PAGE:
Editor’s comment: Is museum really the right target?

BR Ambedkar in 1950.

BR Ambedkar in 1950. - Credit: Archant

I understand the principle of Camden Council’s opposition to the B R Ambedkar museum in Primrose Hill.

The memorial represents the loss of two homes so that someone whose brief stay there a century ago can be commemorated - even though Camden probably turns down far less significant "change of use" applications on a regular basis.

What's more, if it simply accepts that the museum is already there, it could open the door to any number of less than scrupulous conversions that may seek to rely on this case as a precedent.

I support the idea that in a housing crisis we must prioritise the availability of housing, especially genuinely affordable housing (which isn't how this was categorised), above pretty much anything else.

Yet surely there must be a compromise that doesn't involve the removal of what has nonetheless become a culturally important site for many - a decent contribution to genuinely affordable housing elsewhere in the borough, say.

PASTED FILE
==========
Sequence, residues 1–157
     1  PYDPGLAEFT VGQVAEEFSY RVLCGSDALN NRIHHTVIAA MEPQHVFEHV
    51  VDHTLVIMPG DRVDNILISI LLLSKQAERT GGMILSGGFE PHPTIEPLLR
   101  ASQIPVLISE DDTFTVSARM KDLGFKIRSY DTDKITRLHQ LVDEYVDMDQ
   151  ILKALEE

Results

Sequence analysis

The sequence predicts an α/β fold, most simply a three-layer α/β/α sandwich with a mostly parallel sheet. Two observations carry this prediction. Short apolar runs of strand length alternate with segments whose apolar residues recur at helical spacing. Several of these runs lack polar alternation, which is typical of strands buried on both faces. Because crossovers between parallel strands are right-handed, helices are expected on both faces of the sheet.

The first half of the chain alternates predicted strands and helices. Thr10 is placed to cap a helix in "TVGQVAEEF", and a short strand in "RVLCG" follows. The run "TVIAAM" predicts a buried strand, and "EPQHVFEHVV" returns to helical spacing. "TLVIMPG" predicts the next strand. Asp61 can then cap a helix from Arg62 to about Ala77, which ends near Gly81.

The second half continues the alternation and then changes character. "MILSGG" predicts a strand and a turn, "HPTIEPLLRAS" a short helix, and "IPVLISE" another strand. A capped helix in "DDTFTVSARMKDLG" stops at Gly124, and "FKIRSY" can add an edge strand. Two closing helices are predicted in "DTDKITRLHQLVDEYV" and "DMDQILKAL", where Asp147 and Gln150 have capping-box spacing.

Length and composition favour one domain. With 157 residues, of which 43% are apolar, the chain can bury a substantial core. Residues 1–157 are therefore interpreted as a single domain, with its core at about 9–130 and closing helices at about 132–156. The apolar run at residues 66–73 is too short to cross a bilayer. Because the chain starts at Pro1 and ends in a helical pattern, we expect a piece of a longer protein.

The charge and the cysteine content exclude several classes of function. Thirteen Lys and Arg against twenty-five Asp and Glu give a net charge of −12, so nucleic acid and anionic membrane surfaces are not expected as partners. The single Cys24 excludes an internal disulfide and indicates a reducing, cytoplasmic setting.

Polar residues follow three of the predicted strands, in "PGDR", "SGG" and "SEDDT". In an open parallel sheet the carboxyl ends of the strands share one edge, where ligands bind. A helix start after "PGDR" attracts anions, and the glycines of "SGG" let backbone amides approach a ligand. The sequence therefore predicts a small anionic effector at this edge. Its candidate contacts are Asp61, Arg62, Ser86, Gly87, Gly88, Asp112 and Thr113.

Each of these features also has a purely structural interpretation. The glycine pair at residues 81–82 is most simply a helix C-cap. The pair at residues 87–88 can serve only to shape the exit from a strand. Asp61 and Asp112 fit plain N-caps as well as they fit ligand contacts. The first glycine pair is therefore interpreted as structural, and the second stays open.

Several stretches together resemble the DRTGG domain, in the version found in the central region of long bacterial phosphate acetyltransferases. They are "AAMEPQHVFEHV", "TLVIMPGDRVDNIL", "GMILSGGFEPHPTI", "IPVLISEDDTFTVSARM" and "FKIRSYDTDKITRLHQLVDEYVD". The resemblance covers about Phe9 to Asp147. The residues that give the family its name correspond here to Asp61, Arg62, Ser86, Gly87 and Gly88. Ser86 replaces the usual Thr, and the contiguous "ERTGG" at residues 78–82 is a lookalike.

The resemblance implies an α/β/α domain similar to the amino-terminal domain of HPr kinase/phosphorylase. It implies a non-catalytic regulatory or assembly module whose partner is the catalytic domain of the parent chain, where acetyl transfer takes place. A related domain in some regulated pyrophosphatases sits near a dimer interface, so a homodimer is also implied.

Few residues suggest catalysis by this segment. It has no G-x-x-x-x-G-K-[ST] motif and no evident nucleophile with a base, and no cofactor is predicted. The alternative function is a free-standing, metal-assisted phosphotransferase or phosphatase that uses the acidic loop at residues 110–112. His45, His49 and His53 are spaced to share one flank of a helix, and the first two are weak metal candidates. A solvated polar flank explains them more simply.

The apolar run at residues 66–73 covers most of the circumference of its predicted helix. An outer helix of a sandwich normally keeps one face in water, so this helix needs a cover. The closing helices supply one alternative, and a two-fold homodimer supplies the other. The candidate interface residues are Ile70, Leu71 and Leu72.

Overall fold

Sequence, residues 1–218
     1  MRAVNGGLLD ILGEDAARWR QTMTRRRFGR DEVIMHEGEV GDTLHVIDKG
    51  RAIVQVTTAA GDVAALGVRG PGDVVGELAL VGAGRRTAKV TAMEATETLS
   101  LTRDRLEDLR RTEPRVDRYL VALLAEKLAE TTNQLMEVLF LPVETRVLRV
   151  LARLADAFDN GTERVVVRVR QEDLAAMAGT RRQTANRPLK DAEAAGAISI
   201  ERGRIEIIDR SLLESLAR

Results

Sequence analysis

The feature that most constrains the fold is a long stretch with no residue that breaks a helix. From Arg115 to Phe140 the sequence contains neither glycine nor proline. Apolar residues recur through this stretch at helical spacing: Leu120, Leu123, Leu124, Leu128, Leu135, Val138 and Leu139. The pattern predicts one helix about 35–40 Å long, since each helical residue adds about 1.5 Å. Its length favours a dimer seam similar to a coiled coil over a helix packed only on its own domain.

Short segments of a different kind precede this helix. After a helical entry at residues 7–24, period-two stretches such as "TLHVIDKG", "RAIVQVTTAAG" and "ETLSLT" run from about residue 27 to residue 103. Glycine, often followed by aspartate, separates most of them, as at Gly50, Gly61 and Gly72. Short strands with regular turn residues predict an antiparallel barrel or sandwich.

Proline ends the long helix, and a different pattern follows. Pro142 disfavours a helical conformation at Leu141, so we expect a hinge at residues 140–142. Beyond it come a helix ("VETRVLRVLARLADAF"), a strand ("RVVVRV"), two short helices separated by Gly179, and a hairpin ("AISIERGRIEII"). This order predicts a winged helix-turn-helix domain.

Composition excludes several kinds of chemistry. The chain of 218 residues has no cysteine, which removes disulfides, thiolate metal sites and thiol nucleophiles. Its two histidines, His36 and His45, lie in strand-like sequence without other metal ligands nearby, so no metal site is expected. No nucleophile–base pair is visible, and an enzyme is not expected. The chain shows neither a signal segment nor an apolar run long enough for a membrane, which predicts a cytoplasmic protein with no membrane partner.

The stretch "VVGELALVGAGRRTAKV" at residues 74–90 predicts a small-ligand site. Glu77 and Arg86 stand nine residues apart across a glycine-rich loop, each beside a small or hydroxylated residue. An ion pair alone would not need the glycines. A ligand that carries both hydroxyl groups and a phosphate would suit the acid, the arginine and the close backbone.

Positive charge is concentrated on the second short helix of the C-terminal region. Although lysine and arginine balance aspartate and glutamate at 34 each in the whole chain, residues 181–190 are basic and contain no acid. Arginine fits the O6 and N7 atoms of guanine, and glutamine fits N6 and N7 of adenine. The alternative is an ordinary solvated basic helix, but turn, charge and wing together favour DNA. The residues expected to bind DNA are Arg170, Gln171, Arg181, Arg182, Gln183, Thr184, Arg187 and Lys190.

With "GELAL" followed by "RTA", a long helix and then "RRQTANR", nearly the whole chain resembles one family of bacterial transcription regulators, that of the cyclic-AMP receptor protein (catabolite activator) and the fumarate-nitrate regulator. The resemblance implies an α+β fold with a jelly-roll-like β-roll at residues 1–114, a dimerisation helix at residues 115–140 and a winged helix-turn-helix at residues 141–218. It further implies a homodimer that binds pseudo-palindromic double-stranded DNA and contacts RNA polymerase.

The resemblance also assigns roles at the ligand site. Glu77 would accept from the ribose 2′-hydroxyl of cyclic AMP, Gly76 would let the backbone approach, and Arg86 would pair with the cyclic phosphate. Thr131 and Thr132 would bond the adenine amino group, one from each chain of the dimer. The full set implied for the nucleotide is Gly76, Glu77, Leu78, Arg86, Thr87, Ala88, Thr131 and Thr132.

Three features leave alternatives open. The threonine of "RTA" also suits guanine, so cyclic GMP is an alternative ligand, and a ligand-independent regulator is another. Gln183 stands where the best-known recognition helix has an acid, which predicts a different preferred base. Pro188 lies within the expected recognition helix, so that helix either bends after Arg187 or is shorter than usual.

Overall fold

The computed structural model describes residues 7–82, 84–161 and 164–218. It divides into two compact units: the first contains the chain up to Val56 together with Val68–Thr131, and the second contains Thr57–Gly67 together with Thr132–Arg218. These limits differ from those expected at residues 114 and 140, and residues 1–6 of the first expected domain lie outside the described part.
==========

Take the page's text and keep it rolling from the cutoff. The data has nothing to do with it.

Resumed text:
If Camden wishes to be this stringent about maximising housing (and I'm not saying this is a bad thing) I think the 7,122 so-called second homes and 1,210 empty homes within its border - both among the highest figures in London - might merit its attention rather more urgently than a modest museum and memorial to someone who did so much good.

For its own part, the State of Maharashtra really ought to have known better than to convert two inner London flats into a museum without getting planning permission. As a campaigner for equality and social justice, I suspect B R Ambedkar would have been less than thrilled at the thought of his own legacy diminishing the amount of housing in a borough where people already struggle to afford homes.

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Any contribution the museum's owners were able to make to affordable homes in Camden might, in fact, be an entirely appropriate extension of his memorial.